Government Shutdown Limits Budget Data, Too
Last week, we noted that the furlough of "non-essential" employees at the Congressional Budget Office due to the government shutdown could halt the release of the updated Budget Options report, depriving lawmakers of important information at a time when they would ideally be using it to create a deficit reduction package. Now, budget data is being affected as CBO announced that the Monthly Budget Review (MBR) for September will be delayed until after the shutdown.
While the MBR is normally a very micro view of the budget, looking at spending and revenue by category in each month, this month's version also would have given us the first (unofficial) look at the final deficit number for FY 2013. CBO last projected in May a deficit of $641 billion for the past fiscal year. Through August, the deficit has been $753 billion, but a significant surplus in September was expected due to quarterly tax payments coming in that month (there was a surplus of $75 billion in September 2012). This year's deficit will be down significantly from last year's $1.1 trillion.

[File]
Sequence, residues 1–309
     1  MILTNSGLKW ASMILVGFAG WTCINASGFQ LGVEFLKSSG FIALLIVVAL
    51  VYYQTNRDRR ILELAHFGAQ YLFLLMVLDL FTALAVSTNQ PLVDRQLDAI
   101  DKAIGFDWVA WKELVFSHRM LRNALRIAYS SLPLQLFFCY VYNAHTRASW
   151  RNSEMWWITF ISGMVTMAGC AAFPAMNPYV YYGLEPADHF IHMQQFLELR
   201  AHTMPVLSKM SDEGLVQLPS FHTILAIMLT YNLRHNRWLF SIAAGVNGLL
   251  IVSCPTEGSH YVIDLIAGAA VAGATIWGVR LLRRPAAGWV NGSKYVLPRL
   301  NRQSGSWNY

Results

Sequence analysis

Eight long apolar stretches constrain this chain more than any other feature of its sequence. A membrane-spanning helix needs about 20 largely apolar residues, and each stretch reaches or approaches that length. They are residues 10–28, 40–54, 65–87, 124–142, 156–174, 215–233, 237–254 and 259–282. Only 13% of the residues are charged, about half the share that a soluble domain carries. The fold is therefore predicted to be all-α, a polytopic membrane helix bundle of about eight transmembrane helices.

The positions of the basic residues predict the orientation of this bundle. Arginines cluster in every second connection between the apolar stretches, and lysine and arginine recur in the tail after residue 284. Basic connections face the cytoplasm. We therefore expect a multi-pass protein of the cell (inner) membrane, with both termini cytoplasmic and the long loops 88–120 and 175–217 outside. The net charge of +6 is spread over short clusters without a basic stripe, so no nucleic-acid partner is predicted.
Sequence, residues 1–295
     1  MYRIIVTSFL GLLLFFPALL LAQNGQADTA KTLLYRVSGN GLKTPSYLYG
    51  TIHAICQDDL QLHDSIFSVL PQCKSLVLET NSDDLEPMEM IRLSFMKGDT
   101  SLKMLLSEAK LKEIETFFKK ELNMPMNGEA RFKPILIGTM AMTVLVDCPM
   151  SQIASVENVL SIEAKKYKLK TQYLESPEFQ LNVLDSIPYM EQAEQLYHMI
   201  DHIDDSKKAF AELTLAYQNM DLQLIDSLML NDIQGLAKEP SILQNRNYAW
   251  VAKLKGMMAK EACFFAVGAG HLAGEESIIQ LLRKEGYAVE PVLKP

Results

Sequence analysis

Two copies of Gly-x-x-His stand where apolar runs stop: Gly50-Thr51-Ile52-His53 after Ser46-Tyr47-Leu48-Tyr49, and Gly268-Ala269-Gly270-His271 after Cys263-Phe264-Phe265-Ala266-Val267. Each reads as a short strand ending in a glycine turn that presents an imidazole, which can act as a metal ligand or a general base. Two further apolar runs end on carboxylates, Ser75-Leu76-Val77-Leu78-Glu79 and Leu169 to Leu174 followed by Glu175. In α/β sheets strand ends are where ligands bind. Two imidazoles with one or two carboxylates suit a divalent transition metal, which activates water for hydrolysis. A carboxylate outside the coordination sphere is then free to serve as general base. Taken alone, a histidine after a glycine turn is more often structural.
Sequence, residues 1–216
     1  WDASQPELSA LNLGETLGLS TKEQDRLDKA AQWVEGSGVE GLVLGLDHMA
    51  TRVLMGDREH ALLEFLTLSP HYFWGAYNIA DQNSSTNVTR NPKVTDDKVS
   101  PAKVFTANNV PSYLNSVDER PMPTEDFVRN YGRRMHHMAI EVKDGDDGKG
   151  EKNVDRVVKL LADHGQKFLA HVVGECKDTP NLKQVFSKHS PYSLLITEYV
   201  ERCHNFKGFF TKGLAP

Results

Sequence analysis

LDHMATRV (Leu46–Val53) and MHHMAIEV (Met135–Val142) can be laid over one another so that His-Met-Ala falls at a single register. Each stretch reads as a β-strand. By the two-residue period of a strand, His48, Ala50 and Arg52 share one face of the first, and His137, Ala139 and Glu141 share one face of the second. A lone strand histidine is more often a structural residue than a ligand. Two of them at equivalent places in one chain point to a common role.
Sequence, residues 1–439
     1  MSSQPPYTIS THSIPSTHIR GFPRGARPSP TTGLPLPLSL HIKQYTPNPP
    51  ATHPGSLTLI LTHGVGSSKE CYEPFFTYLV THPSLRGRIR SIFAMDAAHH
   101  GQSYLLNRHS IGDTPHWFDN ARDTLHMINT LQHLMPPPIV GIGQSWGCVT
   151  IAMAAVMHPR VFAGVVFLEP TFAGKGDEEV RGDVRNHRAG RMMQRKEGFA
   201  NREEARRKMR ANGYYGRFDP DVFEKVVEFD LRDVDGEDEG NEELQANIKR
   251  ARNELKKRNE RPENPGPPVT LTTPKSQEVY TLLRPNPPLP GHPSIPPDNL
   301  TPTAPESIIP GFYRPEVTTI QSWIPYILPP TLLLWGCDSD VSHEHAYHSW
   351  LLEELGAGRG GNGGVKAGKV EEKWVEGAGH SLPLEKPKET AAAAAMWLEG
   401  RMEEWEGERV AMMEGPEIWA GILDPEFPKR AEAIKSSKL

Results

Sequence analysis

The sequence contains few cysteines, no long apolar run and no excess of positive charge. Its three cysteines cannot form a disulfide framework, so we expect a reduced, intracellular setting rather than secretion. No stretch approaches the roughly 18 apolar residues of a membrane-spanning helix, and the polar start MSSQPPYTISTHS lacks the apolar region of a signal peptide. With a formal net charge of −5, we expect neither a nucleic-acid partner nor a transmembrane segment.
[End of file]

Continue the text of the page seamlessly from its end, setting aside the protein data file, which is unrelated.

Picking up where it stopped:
While the short-term deficit is not the main concern, it is still interesting and informative to see how recent policy changes and events have affected the federal budget. More critically, the shutdown is not allowing policymakers -- or anyone else for that matter -- to see the current budget situation or options for how to deal with the long-term problem.